I used to be a big city girl, dynamic and fulfilled. But then I emigrated and became a shadow.
First, I couldn’t speak a word of German. Yes, to the extent that I would bring home a jar of red cabbage thinking it was red beet. By the time I was einigermaßen able to communicate, I realized I had learned the wrong language. They don’t speak German at all around these parts – that is, when they do speak at all. They rarely open their mouths to strangers, and then only to purse their lips and bring forth some utter Bavarian mumbo-jumbo. No, actually it’s oberpfälzisch. Try pronouncing that sober.
Second, unless you are an automotive engineer or a financial controller, the wonderful world of gratifying youthful careers like salesperson, caregiver for the elderly, or cleaning lady beckons. Or you can let the luminous beacon of motherhood guide you. Because everyone seems to expect full, 24/7 devotion at the shrine of motherhood. For ever. Oh, and by the way, if you do that, by the time your kids start school your brain will have completely dissolved and turned to goo, you won’t remember how to spell your own name correctly, your progeny will treat you as the in-house servant always on duty, and your husband will actually believe he is smarter than you. (People don’t appreciate, people take for granted. The key to true appreciation is scarcity.) In fact, I have come to feel like a walking uterus with hands. Day-care is harder to come by than Chinese rare earths, and twice as expensive. The skies are almost always gray and oppressive like the inside of a coffin, and a sense of stale futility permeates everything.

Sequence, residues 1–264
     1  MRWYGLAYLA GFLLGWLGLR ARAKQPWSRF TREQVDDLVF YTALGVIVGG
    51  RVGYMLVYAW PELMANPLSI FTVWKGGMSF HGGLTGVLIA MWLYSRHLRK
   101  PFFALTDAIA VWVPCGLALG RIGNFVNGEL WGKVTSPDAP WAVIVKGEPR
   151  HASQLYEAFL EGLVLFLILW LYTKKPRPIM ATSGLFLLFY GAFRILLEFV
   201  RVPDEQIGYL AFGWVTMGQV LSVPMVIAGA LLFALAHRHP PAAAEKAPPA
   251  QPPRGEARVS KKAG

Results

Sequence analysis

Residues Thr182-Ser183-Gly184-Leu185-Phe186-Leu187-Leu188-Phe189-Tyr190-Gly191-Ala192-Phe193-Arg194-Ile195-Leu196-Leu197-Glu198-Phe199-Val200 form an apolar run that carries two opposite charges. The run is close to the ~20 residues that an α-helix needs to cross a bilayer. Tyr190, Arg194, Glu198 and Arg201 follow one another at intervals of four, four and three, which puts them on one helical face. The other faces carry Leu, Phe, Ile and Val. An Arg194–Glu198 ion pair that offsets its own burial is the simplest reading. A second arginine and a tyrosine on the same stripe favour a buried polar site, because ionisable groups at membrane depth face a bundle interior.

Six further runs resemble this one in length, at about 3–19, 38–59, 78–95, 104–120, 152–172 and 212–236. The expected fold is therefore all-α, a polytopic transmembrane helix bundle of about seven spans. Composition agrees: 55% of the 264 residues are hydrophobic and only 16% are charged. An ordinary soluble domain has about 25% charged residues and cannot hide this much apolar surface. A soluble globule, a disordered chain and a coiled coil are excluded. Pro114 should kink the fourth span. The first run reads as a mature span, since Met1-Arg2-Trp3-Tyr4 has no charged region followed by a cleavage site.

All my attempts, efforts, and endeavors are stultified and made sterile by this all-encompassing small town sense of conformity, convention and futility. With their fleet of perfectly polished cars, their cute little gardens, their spoiled little brats with their unapologetic sense of entitlement (as if they had been born into the local aristocracy), and the snooping neighbors who complain about every sound, there comes a perverse sense of safety and prosperity which deceives people into doing precious nothing with their lives… Old country for old people. With their dangerous veil of “stability” and picayune interests, which can make the lucky few truly happy, but which most of the time really only means stagnation, small German towns are the stalwart defenders of all things old. The front line of resistance against all things new. Well, except new cars, of course.
The idea that your entire intellectual universe has to stop dead in its tracks the moment that first child comes tumbling out of your body… As if there is only one definition of love that is small-town endorsed and small-town valid. And life is all about routine, acceptable patterns and saving face. Everything clean and perfect, no visible suffering – you know, just the occasional postpartum wreck chopping up her baby and laying him to rest in the freezer, just the occasional homicidal father, strangling his wife and all of their five children before setting the apartment ablaze, just the old people in wheelchairs in homes on the outskirts of town, in their Alzheimer’s daze, everything green and peaceful and quiet…